With respect to the withdrawal of resolution plans, the Supreme Court noted that the Code only provided for the withdrawal of applications to initiate the CIRP under Section 7, 9 and 10 of the Code, through its Section 12A. As such, the lack of any exit route for a successful resolution applicant under the Code indicated that the same should not be permitted. Further, the language of Section 31(1) of the Code could not be interpreted to signify that a resolution plan can be withdrawn or modified prior to its approval by the NCLT. The Court held that by submitting a resolution plan, a resolution applicant is assumed to have gone through the information memorandum and understood the financial risks. A withdrawal or modification of the resolution plan cannot happen later, as it would disrupt the timeline for the insolvency process under the Code and represent a remedy, which the legislature had not provided for. Consequently, resolution plans with clauses for re-negotiations or walk-away rights cannot be implemented. Even the residuary power under Section 60(5)(c) of the Code cannot be utilised for withdrawing or modifying a CoC approved resolution plan.


The Parliament’s Standing Committee on Finance in its recent report observed that 71% of the cases remained pending for more than 180 days, underscoring a deviation from the Code’s objectives. Covid-19 subsequently, has exacerbated such delays. Since a corporate debtor’s valuation only deteriorates when the insolvency process drags on, it is understandable why at times, a successful resolution applicant may want to withdraw his resolution plan. Despite any errors on their part, they would be stuck with a bad deal. Moreover, the pandemic could have worsened the corporate debtor’s financials and adversely impacted the applicant itself. In such cases of undue delay, coupled with a material change in the financial position of either the resolution applicant or the corporate debtor, it would be unreasonable to hold that the information memorandum could predict such a risk. To then not give an option of backing out to the resolution applicant, appears to be unfair on a normative scale.

While the aim of the Code is to conduct the resolution process expediently, it is not to burden unwilling parties with the task of reviving a firm, especially so when the entire economy is reeling under the effect of the pandemic. Some circumstances may not be in the control of the resolution applicants and letting them withdraw their resolution plans, would be just and fair. If no withdrawal is granted at all, not many would participate in the resolution process, considering the possibility of delay or value erosion of the corporate debtor. The CoC is likely to receive fewer and undesirable bids, pushing the corporate debtor into liquidation. This would go against the primary purpose of the Code which is to provide an insolvency regime that values the interests of the stakeholders and ensures the survival of the insolvent party. As such, permitting the withdrawal of CoC approved resolution plans in exceptional cases, even though they may be pending approval before the Adjudicating Authority, seems pragmatic. The cases of Metalyst Forging, Panama Petrochem and Suraksha Asset offer an approach in this direction, which the legislature can incorporate into the Code, to alleviate the concerns of the prospective resolution applicants.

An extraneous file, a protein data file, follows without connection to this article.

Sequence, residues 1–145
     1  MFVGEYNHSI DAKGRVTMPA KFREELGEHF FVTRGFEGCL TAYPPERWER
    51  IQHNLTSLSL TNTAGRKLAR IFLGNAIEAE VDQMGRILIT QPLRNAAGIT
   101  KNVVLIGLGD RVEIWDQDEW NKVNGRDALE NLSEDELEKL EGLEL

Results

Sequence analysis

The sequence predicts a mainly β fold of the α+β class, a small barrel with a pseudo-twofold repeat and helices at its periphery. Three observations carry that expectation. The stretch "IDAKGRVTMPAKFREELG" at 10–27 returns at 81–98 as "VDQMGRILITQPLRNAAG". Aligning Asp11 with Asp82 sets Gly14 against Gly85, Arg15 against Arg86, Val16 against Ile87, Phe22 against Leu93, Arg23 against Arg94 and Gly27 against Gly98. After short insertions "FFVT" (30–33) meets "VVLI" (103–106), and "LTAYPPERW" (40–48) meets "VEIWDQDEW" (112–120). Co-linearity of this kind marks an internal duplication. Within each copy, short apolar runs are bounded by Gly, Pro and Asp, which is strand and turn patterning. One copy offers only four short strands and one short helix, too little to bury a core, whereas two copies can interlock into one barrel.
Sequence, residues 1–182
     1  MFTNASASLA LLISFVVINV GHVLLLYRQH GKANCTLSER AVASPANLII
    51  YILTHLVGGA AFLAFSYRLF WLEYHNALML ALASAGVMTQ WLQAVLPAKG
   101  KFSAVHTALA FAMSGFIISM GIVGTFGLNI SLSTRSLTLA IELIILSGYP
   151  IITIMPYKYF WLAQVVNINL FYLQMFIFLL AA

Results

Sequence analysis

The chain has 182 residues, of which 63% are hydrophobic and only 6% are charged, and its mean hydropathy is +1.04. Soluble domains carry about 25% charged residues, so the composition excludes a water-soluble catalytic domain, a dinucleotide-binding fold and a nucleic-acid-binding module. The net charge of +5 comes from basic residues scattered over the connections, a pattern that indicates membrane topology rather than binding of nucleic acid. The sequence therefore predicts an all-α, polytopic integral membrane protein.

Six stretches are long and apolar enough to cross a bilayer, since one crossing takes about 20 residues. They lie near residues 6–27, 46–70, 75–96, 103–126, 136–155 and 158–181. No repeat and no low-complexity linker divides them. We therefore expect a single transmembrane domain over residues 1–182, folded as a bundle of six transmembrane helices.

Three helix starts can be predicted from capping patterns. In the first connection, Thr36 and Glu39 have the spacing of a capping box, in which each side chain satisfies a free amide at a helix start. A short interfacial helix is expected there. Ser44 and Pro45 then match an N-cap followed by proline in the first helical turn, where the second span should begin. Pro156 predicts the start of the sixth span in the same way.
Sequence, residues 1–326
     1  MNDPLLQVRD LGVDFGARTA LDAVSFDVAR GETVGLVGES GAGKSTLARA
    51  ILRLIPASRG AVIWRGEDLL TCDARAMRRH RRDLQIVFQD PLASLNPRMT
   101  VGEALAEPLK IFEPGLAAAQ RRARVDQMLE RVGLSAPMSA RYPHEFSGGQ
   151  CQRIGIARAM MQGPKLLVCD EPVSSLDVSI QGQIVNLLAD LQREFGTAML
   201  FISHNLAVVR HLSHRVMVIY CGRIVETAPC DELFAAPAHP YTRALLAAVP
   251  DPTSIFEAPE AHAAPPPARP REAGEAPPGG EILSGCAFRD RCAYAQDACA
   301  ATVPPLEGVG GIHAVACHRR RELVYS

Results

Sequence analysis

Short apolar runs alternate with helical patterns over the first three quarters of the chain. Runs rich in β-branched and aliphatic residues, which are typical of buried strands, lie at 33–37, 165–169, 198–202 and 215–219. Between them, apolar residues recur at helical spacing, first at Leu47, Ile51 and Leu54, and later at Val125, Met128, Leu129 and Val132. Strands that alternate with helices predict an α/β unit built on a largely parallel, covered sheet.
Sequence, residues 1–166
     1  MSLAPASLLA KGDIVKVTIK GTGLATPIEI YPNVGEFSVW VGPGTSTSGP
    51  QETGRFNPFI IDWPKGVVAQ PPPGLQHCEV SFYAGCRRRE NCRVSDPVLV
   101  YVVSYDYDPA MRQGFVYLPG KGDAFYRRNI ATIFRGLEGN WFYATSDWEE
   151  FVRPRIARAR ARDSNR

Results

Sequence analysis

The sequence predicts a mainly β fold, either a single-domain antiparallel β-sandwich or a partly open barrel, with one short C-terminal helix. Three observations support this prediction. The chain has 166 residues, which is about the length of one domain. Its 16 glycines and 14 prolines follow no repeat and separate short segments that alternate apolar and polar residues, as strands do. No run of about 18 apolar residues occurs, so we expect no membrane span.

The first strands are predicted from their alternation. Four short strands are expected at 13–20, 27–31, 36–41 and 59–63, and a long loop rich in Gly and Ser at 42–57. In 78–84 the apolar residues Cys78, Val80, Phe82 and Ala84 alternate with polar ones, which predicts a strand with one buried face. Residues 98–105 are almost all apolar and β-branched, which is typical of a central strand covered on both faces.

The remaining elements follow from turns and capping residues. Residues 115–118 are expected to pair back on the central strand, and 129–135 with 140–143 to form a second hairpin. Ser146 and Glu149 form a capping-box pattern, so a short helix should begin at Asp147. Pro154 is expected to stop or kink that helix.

While the Ebix Singapore case settles the dispute over the withdrawal of resolution plans under the Code, a blanket prohibition is not the best recourse. Given the covid exigencies and the likely delay in the resolution process, it would be prudent to permit the withdrawal of the resolution plans in certain cases, notwithstanding their approval by the CoC or NCLT. These may include instances wherein the successful resolution applicant was provided with false information about the corporate debtor, or when the resolution plan was not approved within a reasonable period. Material changes in the financial position of the corporate debtor or the resolution applicant due to Covid may justify a withdrawal of the resolution plan too. The legislature must then rise to the occasion and formulate a mechanism for the same. In the meantime, the Supreme Court’s judgement would hold, and a resolution applicant must anticipate all the possible risks, even if far-fetched before he submits his resolution plan.